FEATURE | Posted Sept. 17, 2015

Six tips for preventing snake bites

Drought drives rattlesnakes beyond their usual habitats

Sign by grassy field alerts pedestrians to watch out for rattlesnakes to prevent snake bites
As rattlesnakes move closer to backyards looking for sources of water, UC Davis toxicologists offer tips for preventing snake bites.

With the current drought, Californians may see more rattlesnakes beyond the usual hiking trails or rural grasslands and may be more susceptible to rattlesnake bites, UC Davis toxicologists say.

"Dry, hot conditions are likely to cause rattlesnakes and other animals to move into where water sources are, including backyards,” said Mark E. Sutter, an emergency medicine physician and toxicologist at UC Davis and the California Poison Control System. “It’s best to be aware of one’s surroundings and know how to respond when encountering a rattlesnake.”

According to the California Poison Control System, more than 300 cases of rattlesnake bites are reported annually in California, with additional cases also managed by physicians and hospitals. Most rattlesnake bites occur between the months of April and October.


Listen to the sound of a rattlesnake (mp3).
Rattlesnake tail

“Rattlesnakes do not always make their characteristic rattling sound, so someone can be standing next to a rattlesnake and not even know it,” Sutter said. “Even baby rattlesnakes possess dangerous venom as soon as they hatch, so it's essential to be aware of one’s surroundings, follow precautions when outdoors and get to a hospital as soon as you can if you've been bitten by  a rattlesnake.”

Six tips to prevent rattlesnake bites

Hiker wearing boots and long pants to help block rattlesnake venom ©

1. Wear boots and long pants when hiking to help block rattlesnake venom.

Never go barefoot or wear sandals when walking in areas where you cannot clearly see where you are placing your feet. Wearing hiking boots and long pants offer an extra layer of protection from unexpected encounters with a rattlesnake.

2. Stay on trails when hiking, away from underbrush and tall weeds.

Snakes can rest almost anywhere that is hidden from view and enables them to hide from predators, avoid extreme temperatures and hunt for prey. Because trails tend to have fewer hiding places for snakes, they offer a level of protection for you. Brush offers protection for snakes. Stay on trails to avoid potentially disturbing a rattlesnake in hiding.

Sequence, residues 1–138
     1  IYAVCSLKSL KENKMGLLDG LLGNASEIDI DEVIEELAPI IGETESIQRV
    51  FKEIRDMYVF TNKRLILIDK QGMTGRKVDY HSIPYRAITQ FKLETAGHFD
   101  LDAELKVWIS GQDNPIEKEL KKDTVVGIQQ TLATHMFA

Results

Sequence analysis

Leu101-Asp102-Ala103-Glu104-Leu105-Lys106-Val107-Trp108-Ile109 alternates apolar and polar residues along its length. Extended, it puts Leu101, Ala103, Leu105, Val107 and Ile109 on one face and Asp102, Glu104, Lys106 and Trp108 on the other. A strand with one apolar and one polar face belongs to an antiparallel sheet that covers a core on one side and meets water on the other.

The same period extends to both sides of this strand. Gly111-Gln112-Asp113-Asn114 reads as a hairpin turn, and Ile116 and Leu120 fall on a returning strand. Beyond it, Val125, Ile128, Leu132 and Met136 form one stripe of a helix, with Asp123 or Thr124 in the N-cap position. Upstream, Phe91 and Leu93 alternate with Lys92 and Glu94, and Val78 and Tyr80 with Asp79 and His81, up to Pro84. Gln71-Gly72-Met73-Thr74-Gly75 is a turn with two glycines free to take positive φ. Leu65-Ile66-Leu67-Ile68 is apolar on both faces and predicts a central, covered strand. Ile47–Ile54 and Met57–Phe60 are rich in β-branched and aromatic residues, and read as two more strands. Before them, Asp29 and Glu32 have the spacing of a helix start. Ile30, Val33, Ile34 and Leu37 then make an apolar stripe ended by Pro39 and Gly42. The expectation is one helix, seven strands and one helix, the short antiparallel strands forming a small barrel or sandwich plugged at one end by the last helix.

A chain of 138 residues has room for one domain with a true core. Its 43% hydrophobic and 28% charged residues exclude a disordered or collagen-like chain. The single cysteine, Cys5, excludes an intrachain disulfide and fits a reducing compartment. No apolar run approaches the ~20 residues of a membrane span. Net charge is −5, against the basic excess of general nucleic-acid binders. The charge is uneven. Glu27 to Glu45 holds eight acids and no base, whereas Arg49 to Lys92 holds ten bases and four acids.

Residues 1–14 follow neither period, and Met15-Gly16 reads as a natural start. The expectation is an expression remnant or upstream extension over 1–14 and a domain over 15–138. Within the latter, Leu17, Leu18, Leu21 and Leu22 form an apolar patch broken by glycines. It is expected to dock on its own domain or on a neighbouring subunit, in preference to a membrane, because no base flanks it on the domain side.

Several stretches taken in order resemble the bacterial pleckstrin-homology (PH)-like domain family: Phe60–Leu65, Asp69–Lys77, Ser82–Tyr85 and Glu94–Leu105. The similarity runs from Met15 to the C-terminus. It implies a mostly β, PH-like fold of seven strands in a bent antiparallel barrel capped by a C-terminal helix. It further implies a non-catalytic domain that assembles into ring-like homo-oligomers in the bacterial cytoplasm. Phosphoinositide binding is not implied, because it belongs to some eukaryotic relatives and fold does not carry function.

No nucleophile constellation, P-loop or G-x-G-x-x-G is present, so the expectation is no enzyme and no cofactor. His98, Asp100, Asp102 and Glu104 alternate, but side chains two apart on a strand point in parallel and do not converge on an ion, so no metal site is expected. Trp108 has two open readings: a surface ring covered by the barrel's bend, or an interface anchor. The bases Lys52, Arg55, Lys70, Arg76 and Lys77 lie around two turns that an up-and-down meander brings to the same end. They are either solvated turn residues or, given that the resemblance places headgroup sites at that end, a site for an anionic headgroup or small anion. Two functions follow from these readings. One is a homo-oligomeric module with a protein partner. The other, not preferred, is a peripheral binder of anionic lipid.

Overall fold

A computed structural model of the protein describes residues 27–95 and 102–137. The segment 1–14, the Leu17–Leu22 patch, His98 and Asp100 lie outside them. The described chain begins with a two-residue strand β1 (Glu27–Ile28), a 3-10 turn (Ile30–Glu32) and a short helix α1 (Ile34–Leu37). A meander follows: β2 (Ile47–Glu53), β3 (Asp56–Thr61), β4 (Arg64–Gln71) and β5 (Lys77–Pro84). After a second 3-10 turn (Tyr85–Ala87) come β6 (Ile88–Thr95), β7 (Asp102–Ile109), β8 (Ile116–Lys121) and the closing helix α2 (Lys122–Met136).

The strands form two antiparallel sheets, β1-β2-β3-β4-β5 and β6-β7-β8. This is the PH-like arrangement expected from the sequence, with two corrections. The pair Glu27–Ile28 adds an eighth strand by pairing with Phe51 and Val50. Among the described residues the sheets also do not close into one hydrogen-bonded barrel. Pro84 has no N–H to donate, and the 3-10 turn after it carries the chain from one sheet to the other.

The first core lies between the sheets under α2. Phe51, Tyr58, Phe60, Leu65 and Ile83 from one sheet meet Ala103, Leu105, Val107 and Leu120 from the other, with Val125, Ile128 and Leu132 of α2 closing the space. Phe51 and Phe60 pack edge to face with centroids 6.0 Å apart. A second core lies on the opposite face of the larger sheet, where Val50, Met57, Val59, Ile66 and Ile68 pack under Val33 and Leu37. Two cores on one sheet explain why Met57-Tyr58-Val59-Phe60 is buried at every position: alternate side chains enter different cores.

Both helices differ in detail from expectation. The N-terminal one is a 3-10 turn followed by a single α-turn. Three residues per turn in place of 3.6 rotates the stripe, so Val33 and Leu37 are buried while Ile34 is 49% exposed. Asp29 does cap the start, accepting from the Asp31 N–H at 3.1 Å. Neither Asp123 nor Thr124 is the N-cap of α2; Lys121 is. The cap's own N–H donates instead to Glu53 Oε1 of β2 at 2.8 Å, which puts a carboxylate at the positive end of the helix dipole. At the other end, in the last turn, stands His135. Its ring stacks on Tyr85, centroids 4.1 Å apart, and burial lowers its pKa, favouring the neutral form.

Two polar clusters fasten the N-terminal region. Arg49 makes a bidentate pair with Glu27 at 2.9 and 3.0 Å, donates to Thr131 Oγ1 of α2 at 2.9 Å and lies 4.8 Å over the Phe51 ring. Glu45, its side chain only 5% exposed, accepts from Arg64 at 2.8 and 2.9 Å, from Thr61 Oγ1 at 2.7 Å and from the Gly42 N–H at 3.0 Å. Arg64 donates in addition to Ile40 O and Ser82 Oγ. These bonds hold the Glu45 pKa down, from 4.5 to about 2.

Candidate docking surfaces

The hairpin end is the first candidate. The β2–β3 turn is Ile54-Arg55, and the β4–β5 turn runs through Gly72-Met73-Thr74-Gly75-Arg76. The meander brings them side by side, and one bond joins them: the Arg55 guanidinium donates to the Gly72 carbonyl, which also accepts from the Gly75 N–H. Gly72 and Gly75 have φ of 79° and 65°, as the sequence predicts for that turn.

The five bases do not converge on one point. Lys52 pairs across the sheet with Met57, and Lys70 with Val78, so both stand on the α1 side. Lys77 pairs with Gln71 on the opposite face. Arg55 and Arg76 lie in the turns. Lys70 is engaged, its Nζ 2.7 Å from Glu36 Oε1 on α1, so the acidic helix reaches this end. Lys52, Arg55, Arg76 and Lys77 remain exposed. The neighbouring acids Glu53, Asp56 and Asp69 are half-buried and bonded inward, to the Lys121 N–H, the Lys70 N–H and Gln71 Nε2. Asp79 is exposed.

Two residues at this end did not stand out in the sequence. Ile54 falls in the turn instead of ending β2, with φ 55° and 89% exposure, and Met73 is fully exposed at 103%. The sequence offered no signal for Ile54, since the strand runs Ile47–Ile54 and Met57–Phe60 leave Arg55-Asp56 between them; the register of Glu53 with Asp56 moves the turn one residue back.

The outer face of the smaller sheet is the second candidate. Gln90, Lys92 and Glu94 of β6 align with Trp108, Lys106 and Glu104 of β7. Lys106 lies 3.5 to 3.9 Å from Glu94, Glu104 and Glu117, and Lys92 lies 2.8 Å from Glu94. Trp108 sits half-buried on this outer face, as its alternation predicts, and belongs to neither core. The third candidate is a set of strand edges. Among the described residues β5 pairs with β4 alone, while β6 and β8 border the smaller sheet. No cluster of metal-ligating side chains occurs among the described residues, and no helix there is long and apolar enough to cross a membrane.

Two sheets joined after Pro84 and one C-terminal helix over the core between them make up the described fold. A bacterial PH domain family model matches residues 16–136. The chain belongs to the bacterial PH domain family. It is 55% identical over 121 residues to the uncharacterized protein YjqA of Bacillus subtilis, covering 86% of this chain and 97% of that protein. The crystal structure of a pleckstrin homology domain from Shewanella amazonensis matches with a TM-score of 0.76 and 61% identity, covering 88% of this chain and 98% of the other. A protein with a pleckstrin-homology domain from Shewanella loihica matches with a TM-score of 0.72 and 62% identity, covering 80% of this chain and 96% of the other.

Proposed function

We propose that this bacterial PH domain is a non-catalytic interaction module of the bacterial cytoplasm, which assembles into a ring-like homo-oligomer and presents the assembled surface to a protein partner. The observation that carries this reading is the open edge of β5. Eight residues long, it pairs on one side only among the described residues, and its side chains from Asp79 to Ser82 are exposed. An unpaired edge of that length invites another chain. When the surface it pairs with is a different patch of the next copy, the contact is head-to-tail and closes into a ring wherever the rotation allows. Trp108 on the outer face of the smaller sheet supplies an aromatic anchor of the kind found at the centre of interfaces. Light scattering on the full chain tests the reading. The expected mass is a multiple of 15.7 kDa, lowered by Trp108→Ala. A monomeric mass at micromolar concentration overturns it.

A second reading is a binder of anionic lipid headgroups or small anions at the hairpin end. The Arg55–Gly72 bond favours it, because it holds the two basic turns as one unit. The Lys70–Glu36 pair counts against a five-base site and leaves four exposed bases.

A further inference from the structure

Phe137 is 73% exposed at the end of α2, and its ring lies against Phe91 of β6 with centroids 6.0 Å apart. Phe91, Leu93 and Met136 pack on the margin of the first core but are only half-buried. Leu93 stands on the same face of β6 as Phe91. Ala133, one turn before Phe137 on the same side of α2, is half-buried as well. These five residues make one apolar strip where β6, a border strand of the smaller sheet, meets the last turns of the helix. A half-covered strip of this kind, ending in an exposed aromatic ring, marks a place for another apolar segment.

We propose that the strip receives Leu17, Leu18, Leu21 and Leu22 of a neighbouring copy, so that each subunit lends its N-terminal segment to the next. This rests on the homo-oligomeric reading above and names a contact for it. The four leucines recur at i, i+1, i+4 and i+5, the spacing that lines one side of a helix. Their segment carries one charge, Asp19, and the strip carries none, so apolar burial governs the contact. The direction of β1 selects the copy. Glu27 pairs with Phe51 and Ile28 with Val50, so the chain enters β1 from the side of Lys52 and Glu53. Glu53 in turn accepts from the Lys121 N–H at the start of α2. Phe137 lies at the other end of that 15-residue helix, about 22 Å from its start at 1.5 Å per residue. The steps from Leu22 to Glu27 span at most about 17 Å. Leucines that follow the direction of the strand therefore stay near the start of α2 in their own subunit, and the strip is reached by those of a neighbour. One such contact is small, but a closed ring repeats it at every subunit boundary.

Children hiking on a trail keeping a safe distance away from a snake3. Do not touch or disturb a snake, even if it appears dead.

Snakes use their hidden position to strike and kill their prey by surprise. Don’t mistake their apparent stillness as a safe opportunity to investigate. Even freshly killed snakes may still be able to bite.

4. Always look for concealed snakes before picking up rocks, sticks or firewood

Since rattlesnakes are often well-camouflaged and wait quietly for prey, they can be difficult to see. Piles of rocks or logs, patches of dense shrubs, and expanses of tall grasses are just few of the places where snakes may seek shelter. Carefully inspect logs or rocks before picking them up or sitting down to avoid accidentally disturbing a rattlesnake.

5. Never hike alone in remote areas. Always have someone with you who can assist in an emergency.

Having a hiking partner is important to help in a crisis, especially in a situation where you or your hiking partner is bitten by a snake. If safe to do so, have your hiking partner photograph the snake so that identification can be made to aid in treatment.

6. Teach children to respect snakes and to leave them alone.

Curious children who pick up snakes are frequently bitten. Teach them always to give snakes the right of way to prevent snake bites.

Photo of beagle walking on a trail aloneProtect dogs and other animals from being bitten by a rattlesnake. Ask your veterinarian about rattlesnake anti-venom and vaccines, and immediately contact your veterinarian if your animal has been bitten.

If bitten by a rattlesnake:

Get immediate medical attention, as severe or even life-threatening symptoms may occur within minutes after the bite, or in other cases may begin after couple of hours.

Rattlesnake bites can produce extreme pain and swelling at the location of the bite, excessive bleeding,nausea, swelling in the mouth and throat making it difficult to breathe, lightheadedness, drooling, and even collapse and shock in rare cases.

Do not apply ice, do not use a tourniquet or constricting band, do not try to suck out the venom, and do not use any device to cut or slice the bite site.

Constricting blood vessels near a rattlesnake bite can lead to amputation. Wash the wound with soap and water, and remove wristwatches, rings or anything constrictive

Keep calm, do not run and keep the affected extremity below heart level until you can be transported to a medical facility

 

Where to get help if bitten by a rattlesnake:

Immediately call 1-800-222-1222 to reach poison information experts who are available 24 hours a day, 365 days a year. Learn more at the California Poison Control System website: http://www.calpoison.org.

 


 

Related stories:

My Rattlesnake Bite:  A personal account

Photo of rattlesnake bite victim Jason Schwartz on a mountain ridge

Jason Schwartz, 26, remains an active outdoor enthusiast, but in 2002 he was bitten by a rattlesnake while camping in Yosemite. Read his compelling personal account of the injury, lengthy reconstructive surgery and rehabilitation to his palm and arm at UC Davis Medical Center and Duke Medical Center.

http://rattlesnakebite.org/

UC Integrated Pest Management Program: Rattlesnakes

 

Avoid rattlesnake bites during pet outings.